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We want you to kick ass here! Hence, our weekly column of screenwriting tips. You can check out the previous screenwriting columns on our blog.
Today, let’s talk about one of the most important aspects of screenwriting: the setup.
As writers, we often want to jump into the action because we’re afraid of testing a reader’s or audience member’s patience. We don’t want anyone to stop reading or switch to another channel. And sometimes that leads us to skipping the introduction of our characters and their world to the audience.
Now imagine bringing a friend to a party with a bunch of strangers and not introducing them. How rude, right?
The most vital part of any script is the setup. It’s akin to building a house. For any structure, you need a proper foundation. It doesn’t matter how cool your first floor is or how roomy your attic. If the foundation isn’t there, the house won’t stand for long.
Okay, enough with the analogies. For script purposes that means you need to set up your world and your characters. This is important for any script, but doubly important for a period or genre piece because both types tend to have worlds with rules different from our own that the audience needs to become acquainted with.
The setup serves as the introduction of the audience to the world and the characters they’re supposed to spend the next two hours with. It is vital that the audience understands the world and its attached rules and gets on board with the protagonist and their journey. That’s why in classic screenplay structure, the first 10 – 12 pages are used to accomplish just that. Show us (please, don’t tell us) what this world is like. What are your protagonist’s hopes and dreams and fears? What is their particular skill set? What is their Achilles’ heel? What do they need to learn in order to live a more rounded life? In other words, what makes this person the best and only choice to serve as protagonist for this particular story?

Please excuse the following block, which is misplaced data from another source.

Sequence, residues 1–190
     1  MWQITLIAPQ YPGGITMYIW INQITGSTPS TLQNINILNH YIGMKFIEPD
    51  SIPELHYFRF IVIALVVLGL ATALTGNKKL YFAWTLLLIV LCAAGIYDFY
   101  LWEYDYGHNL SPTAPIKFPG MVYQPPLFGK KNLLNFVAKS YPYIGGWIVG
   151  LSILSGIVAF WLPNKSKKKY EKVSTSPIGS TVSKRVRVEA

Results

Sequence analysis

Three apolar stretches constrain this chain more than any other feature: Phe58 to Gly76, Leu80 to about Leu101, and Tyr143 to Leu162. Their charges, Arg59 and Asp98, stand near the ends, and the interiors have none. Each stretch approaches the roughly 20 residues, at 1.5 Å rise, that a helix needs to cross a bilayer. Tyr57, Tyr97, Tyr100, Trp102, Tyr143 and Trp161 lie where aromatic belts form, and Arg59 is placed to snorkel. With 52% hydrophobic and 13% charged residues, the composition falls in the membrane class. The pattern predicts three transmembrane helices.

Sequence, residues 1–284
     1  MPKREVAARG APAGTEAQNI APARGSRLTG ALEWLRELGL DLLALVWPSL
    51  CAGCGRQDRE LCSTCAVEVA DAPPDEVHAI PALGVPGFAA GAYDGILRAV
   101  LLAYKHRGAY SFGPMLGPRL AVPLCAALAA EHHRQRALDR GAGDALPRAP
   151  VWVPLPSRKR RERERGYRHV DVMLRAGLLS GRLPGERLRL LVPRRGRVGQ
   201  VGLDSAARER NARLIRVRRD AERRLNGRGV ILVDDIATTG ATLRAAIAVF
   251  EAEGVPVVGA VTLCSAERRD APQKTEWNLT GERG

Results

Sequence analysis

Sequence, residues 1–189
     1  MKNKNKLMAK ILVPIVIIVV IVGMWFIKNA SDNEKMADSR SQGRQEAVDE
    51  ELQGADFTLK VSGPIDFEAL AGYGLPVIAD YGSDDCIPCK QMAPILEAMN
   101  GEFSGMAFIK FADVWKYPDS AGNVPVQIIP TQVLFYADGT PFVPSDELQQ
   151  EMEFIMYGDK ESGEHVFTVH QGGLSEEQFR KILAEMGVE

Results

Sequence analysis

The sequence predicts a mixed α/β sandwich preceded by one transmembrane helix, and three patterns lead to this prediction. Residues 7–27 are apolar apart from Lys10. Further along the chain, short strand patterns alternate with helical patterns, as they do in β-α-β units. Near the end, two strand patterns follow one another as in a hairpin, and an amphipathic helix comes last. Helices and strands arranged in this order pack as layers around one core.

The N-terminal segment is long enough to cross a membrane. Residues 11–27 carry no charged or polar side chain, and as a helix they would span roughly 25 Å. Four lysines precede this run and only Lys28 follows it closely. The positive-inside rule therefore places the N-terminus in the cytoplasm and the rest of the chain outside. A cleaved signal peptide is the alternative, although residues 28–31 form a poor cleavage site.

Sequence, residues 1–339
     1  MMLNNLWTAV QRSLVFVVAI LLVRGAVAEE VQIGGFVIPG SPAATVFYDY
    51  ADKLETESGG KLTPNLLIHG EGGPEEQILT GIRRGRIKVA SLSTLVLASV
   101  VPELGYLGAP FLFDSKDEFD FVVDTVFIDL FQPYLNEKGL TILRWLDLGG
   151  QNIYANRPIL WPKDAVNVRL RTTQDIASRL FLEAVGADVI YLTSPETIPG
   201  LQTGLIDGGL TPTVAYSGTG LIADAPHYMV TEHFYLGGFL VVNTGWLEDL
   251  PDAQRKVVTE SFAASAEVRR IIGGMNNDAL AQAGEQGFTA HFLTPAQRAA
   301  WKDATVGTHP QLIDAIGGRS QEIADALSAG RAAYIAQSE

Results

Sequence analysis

Now, you may think “but I have a horror script and the audience isn’t going to sit around for a setup.” Or “It’s fantasy, and I need something fantastic.” And that, fellow writers, is the reason why you see so many hook scenes in genre movies (the opening scene that takes place in an alien setting and we don’t understand it; the kill that seems unrelated to the following setup).
A hook scene “hooks” the audience and gives them a taste of what’s to come, it establishes the genre tone, and it gives you time to set up your protagonist. And, frankly, if your protagonist is interesting enough, you may not even need a classic hook scene for a genre film. Check out LAST NIGHT IN SOHO for inspiration.